Control Your TV and Receiver with the Siri Remote
As we said earlier, we really prefer the Siri Remote, and if your Apple TV is your primary — or only — media device, then you may be able to use the Siri Remote exclusively, even to control the volume on your TV or receiver and turn everything on and off.
The easiest way to do this is through a protocol called HDMI-CEC (short for “Consumer Equipment Control”), which passes the necessary commands over your HDMI cables. If your TV and receiver support this feature, it should be enabled automatically on the Apple TV, although you may also have to enable it on your other devices.
Note that almost every manufacturer has their own brand name for HDMI-CEC, which makes it pretty confusing. For example, Samsung calls it “AnyNet+” while Sony calls it “Bravia Sync” and Mitsubishi uses the mouthful, “NetCommand for HDMI.” So you may need to do a bit of research to figure out where to find it on your TV’s settings, but generally if your manual says the feature allows for your TV to be controlled over HDMI, there’s a very good chance it’s actually talking about HDMI-CEC.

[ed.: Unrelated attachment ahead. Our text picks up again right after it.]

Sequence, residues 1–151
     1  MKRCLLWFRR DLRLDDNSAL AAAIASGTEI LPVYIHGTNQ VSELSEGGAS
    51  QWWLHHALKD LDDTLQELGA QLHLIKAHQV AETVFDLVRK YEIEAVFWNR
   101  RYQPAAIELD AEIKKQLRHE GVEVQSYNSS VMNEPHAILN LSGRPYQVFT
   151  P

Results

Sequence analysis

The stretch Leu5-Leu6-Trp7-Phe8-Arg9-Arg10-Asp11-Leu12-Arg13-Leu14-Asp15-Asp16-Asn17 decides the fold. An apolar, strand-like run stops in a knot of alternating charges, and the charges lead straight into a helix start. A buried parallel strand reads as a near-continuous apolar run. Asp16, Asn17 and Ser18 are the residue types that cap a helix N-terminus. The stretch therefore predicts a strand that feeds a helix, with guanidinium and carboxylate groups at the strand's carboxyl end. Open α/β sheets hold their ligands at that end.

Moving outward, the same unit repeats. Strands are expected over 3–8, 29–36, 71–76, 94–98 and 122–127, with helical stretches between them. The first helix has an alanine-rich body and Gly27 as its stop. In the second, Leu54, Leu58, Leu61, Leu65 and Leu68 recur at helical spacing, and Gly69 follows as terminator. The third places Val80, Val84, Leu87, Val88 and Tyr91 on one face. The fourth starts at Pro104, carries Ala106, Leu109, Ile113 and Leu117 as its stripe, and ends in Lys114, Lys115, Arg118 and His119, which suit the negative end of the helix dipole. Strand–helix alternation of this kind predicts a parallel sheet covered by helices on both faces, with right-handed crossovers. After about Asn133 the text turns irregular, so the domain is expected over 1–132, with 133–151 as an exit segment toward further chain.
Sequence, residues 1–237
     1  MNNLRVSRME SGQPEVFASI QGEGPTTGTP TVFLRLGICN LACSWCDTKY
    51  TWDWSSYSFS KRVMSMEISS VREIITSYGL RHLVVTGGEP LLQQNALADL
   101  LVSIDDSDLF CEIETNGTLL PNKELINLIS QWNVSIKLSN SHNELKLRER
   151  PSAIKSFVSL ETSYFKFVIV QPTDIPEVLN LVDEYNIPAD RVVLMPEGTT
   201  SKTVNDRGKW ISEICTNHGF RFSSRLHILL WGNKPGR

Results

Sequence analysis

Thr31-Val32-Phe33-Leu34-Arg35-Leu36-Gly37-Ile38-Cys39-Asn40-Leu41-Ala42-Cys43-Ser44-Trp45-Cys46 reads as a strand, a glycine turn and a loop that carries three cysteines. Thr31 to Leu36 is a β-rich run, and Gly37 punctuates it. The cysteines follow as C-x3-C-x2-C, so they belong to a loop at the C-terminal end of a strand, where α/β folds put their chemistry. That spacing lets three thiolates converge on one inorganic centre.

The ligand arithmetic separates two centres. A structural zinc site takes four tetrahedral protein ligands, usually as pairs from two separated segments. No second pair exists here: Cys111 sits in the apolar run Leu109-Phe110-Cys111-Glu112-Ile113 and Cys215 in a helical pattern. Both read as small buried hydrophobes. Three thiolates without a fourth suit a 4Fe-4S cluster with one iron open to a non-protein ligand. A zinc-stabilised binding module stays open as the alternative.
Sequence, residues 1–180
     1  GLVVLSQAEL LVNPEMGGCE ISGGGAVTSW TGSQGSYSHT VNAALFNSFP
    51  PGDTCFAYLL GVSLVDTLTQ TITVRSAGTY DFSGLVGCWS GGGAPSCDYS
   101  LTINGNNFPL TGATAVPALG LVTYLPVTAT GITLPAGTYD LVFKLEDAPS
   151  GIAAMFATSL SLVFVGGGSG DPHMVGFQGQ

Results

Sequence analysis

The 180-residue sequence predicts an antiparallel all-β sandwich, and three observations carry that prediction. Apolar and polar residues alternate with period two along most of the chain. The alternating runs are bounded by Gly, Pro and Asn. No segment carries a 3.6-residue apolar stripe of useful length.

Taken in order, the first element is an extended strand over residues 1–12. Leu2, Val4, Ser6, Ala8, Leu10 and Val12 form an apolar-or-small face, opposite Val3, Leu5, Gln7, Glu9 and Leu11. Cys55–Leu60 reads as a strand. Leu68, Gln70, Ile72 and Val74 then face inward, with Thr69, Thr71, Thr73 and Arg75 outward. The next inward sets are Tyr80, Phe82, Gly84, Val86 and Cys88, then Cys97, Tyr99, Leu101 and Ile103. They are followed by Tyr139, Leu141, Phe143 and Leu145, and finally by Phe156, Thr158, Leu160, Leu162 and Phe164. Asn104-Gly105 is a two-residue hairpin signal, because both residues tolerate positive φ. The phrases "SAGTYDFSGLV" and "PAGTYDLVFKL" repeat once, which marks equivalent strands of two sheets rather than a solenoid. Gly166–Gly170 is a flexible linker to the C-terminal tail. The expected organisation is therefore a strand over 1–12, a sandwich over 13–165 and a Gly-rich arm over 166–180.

Alternatively, if your equipment doesn’t support HDMI-CEC, or it doesn’t work properly for you, you can also tell the Siri Remote to blast out standard IR signals to control your equipment (this is why the otherwise-Bluetooth-based Siri Remote has an IR transmitter on the front). This will take you through a learning and pairing process to identify your TV or Receiver to the Siri Remote, and of course you’ll need to actually point it at your home entertainment system.
You can find all of the settings for this on your Apple TV in the tvOS Settings app under (you guessed it) Remotes and Devices. Apple has a more in-depth support article on how to set this all up.